The File system is composed by a directory structure composed for directory entries to organize files. Each directory entry associates a file-name with an inode. Soft links (symbolic) are directory entries that does not contain data, it just points to another entry (a file or directory in the same file system or other file system). And when you delete the ...


2

The root filesystem can be made up of several filesystems; /usr/local might be mounted on a separate partition and /home might be on another partition on a networked disk somewhere else. In this case, a hard link for /usr/local/bin/git (for example) may not be created outside of /usr/local, because it would span filesystems. The reason for this is that the ...


21

Hopefully I can answer this in a way that makes sense for you. A file system in Linux, is generally made up of a partition that is formatted in one of various ways (gotta love choice!) that you store your files on. Be that your system files, or your personal files... they are all stored on a file system. This part you seem to understand. But what if you ...


0

A single inode number use to represent file in each file system. All hard links based upon inode number. File system reference link here .


0

An orphaned inode is a file that is “semi-deleted”: it has no more directory entry, but it's still open in some process, so the data is still present on the disk. When the last process that has this file open closes it, the file will be fully deleted and the orphaned inode will disappear. An orphaned inode uses both an inode and the disk space to store the ...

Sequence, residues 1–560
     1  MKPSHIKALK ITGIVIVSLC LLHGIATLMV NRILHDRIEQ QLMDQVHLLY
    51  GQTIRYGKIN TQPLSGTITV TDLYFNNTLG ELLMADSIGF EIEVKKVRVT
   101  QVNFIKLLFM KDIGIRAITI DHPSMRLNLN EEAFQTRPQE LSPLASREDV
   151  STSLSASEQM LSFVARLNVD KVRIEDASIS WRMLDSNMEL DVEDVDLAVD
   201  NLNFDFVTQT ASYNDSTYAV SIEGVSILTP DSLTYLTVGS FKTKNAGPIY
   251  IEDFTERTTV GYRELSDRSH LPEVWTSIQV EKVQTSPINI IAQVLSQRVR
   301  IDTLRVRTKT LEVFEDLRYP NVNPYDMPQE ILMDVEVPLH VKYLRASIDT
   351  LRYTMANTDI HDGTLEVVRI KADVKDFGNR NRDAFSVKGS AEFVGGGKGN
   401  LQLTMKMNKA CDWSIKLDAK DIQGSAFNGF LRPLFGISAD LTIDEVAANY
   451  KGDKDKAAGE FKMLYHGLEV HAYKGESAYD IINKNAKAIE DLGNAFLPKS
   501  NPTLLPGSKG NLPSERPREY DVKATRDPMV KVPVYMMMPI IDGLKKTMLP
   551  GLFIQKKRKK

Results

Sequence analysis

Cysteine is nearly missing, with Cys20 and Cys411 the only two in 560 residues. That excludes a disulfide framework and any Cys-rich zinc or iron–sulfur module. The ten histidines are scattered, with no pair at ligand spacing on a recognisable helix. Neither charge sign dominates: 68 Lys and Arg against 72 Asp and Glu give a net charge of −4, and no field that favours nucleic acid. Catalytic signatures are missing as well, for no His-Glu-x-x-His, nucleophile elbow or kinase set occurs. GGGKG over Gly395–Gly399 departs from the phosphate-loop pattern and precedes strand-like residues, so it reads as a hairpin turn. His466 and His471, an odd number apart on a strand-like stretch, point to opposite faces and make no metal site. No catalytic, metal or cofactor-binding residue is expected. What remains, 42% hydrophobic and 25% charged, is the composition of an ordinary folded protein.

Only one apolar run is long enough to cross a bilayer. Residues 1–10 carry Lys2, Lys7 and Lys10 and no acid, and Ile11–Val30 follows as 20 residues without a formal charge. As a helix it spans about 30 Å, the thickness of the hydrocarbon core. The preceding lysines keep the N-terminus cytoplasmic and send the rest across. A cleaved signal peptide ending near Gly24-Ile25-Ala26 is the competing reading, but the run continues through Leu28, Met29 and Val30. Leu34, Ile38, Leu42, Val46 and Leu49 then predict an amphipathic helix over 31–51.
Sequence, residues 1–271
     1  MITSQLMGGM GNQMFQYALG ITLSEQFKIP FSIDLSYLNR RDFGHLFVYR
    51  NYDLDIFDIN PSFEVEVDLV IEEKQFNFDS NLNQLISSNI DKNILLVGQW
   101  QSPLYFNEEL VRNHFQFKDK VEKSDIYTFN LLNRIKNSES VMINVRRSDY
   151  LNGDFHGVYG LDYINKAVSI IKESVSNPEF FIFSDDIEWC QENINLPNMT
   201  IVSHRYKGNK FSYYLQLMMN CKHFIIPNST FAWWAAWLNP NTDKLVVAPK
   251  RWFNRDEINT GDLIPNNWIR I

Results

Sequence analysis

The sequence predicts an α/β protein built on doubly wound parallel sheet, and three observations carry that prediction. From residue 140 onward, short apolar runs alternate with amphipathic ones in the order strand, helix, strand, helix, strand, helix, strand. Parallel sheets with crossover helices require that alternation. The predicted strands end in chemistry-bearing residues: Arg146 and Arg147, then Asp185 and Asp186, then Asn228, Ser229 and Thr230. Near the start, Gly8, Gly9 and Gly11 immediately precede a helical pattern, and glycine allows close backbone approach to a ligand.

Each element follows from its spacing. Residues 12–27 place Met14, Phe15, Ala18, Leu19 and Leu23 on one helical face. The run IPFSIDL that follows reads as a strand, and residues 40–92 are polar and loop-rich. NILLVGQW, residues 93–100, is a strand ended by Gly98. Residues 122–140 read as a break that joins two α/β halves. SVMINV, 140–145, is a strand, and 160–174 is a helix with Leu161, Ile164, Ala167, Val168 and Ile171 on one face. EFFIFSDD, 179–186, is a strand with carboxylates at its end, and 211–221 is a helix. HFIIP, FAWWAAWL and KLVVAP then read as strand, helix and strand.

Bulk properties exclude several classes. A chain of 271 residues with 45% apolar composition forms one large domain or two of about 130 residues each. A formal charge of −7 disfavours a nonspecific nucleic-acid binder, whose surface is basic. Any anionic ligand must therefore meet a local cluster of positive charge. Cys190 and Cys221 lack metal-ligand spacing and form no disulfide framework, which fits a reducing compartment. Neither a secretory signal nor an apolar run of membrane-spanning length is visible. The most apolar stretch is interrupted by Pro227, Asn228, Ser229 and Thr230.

3

ACLs allow more than one person and more than one group to be granted permissions. For example, you might have an SA team and a DBA team. You want to grant SAs "read+write" access to a file, but the DBAs only read access. Since a file can only have one group owner this is hard to do. But with ACLs it is easy. ACL implementations are filesystem specific. ...


3

Mounting a filesystem with user_xattr enables support for extended user attributes. These are a specific type of extended attributes; from attr(5): Extended user attributes may be assigned to files and directories for storing arbitrary additional information such as the mime type, character set or encoding of a file. The access ...


1

An orphaned inode is one that has been unlinked but is still open in another process. For example running tail -f {file} in one shell followed by rm {file} in another. The filesystem keeps track of these so they can be cleaned up when the process quits. It's perfectly normal whenever you have an unclean dismount. They are simply files that had been deleted, ...


1

An orphaned inode is an inode which isn't attached to a directory entry in the filesystem, which means it can't be reached. Orphaned inodes can appear for a number of reasons: temporary files which are deleted but kept open (a common practice) occupy inodes on the filesystem; if the system reboots without shutting down properly, these inodes remain and ...


83

Removing the current directory does not affect the file system integrity or its logical organization. Preventing . removal is done to follow the POSIX standard which states in the rmdir(2) manual page: If the path argument refers to a path whose final component is either dot or dot-dot, rmdir() shall fail. One rationale can be found in the rm manual ...


7

It's done like that for integrity since you are currently inside that directory and the . is only a self-reference. You need to either go in its parent or call rmdir with its path, which can be done with: rmdir `pwd` If you often need that, you can set an alias to it like: alias rmc='rmdir `pwd`' .. which could be called as rmc alone to remove ...


3

sshfs is using sftp under the hood and the umask for creation new files is handled by the remote sftp-server. You can set umask as an argument to the sftp-server in /etc/ssh/sshd_config on the server, such as Subsystem sftp /usr/lib/openssh/sftp-server -u 027 # Debian/Ubuntu or Subsystem sftp /usr/libexec/openssh/sftp-server -u 027 # RHEL/Fedora ...